ring (normally called the RETAINING RING).
The centering ring is used as a reinforcement to
prevent blowouts. The filler piece is replaceable.
When renewing a gasket, you should remove this
piece from the retaining metal ring and replace
it with a new filler. Do not discard the solid metal
retaining outer or centering ring unless it is
damaged. You can compress the gaskets to the
thickness of the outer or centering ring.
When renewing a gasket in a flange joint, you
must exercise special precautions when breaking
the joint, particularly in steam and hot water lines,
or in saltwater lines that have a possibility of direct
connection with the sea. Be sure to observe the
No pressure is on the line.
The line pressure valves, including the
bypass valves, are firmly secured, wired
closed, and tagged.
The line is completely drained.
At least two flange-securing bolts and nuts
diametrically opposite remain in place until
the others are removed, then slackened to
allow breaking of the joint, and removed
after the line is clear.
Precautions are taken to prevent explosions
or fire when breaking joints of flammable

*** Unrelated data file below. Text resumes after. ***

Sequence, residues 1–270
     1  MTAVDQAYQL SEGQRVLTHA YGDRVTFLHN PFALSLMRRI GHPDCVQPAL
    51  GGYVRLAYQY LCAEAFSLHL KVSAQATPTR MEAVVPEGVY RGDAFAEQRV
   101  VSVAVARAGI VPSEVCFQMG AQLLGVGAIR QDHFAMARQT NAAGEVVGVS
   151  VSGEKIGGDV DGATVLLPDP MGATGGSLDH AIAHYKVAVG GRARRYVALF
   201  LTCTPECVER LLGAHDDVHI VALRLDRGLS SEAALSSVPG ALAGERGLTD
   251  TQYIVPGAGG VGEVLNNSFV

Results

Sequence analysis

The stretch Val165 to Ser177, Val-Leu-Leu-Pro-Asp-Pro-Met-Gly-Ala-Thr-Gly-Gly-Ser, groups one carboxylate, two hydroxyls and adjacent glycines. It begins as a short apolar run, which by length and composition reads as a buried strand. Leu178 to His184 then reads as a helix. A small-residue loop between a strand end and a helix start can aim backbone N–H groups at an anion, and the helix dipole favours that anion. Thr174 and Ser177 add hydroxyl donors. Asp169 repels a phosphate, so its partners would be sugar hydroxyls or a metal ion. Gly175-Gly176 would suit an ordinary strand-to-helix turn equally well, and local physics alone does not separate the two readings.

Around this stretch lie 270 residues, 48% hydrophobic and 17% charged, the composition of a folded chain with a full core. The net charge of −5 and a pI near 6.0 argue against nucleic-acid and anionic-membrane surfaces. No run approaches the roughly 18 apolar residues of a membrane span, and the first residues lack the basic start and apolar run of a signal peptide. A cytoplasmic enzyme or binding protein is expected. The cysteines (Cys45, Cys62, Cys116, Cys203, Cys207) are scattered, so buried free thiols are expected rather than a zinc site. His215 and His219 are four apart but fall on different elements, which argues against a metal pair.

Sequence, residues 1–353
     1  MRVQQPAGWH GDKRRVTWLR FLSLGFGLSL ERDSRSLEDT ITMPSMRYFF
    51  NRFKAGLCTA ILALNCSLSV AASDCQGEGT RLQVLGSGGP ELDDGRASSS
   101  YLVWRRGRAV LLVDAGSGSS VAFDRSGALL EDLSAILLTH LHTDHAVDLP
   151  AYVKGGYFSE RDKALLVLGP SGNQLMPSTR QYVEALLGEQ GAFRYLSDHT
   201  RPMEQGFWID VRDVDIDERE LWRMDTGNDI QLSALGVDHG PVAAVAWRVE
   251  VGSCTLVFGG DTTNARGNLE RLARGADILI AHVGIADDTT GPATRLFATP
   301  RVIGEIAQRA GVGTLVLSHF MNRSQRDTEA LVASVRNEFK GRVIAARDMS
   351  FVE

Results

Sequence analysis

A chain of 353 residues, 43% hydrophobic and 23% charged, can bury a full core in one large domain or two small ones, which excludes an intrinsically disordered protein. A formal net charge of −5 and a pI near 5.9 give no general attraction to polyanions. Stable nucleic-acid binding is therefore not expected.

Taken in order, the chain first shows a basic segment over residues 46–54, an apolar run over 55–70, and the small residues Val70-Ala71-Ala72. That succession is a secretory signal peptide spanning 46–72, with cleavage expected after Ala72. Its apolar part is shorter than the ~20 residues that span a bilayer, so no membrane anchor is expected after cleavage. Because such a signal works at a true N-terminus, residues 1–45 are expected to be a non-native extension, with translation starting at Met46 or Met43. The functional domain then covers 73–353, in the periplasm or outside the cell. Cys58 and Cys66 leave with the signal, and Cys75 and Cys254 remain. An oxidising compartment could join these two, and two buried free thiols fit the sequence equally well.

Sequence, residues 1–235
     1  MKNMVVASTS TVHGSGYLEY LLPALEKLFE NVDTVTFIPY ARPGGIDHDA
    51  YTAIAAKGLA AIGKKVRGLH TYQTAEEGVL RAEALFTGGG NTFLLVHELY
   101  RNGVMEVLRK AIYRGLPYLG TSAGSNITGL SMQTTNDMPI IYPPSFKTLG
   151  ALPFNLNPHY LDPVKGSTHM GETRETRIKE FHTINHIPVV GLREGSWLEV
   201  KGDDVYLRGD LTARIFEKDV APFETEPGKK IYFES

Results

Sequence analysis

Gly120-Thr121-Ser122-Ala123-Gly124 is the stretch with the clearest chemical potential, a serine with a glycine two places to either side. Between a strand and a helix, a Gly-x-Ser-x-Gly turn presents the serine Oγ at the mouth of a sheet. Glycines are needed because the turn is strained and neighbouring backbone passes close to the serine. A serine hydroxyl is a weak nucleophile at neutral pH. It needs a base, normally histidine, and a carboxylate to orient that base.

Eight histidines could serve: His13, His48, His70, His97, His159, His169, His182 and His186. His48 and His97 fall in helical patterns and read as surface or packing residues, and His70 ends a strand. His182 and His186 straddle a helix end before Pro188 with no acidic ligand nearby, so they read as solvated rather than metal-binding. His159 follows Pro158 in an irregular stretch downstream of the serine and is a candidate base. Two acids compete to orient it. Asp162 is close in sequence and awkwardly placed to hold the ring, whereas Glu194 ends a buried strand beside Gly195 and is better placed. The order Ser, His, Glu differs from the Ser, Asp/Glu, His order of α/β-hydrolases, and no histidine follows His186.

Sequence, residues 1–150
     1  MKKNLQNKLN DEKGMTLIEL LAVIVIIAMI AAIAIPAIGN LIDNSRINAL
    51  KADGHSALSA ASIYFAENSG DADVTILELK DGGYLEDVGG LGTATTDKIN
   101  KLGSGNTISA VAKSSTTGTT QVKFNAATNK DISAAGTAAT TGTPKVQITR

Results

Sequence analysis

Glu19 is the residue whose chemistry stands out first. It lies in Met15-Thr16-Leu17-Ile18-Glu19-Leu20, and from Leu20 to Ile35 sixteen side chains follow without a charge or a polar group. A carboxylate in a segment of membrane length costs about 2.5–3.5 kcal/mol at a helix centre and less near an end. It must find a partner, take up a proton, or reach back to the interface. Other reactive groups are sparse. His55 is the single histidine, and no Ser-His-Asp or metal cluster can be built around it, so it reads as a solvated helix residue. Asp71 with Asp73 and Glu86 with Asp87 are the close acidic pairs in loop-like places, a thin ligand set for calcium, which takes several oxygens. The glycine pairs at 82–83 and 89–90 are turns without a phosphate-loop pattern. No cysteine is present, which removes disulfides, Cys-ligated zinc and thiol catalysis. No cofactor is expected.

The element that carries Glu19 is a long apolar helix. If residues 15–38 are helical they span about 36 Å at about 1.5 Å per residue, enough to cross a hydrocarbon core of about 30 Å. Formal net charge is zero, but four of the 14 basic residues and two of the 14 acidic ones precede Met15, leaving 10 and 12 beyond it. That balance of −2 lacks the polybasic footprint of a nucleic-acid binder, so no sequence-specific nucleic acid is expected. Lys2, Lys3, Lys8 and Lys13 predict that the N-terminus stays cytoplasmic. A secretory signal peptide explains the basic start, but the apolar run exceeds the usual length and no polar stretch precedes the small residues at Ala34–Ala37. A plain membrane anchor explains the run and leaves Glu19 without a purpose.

Proper ventilation is ensured before joints
are broken in closed compartments.
These precautions may prevent serious ex-
plosions, severe scalding of personnel, or flooding
of compartments. You should thoroughly clean
all sealing and bearing surfaces for the gasket
replacement. Check the gasket seats with a
surface plate, and scrape as necessary. This
affords uniform contact. Replace all damaged
bolt studs and nuts. In flange joints with raised
faces, the edges of gaskets may extend beyond the
edge of the raised face.
Another method of preventing leakage in fluid
systems is by use of O-ring seals. Figure 9-64
shows an O-ring seal with two cross-sectional
views. An O-ring is a doughnut-shaped, circular
seal (view A of fig. 9-64) that is usually a molded
rubber compound. An O-ring seal has an O-ring
mounted in a groove or cavity (usually called a
Figure 9-64.O-ring seal with two cross-sectional views.
When the gland is assembled (view B of fig.
9-64), the O-ring cross section is compressed.
When installed, the compression of the O-ring
cross section enables it to seal low fluid pressures.
The greater the compression, the greater is the
fluid pressure that can be sealed by the O-ring.
The pressure of the O-ring against the gland
walls equals the pressure caused by the recovery
force of the compressed O-ring plus the fluid
The fluid pressure against the walls of the
gland and the stiffness of the O-ring prevent fluid
from leaking past the O-ring. If the downstream
clearance is large, the O-ring is forced into this
clearance (view C of fig. 9-64). The stiffness of
the O-ring material prevents the O-ring from
being forced completely through the downstream
clearance unless that clearance is abnormally large
or the pressure is excessive.
O-rings are commonly used for sealing because
of their simplicity, ruggedness, low cost, ease of
installation, ease of maintenance, and effective-
ness over wide pressure and temperature ranges.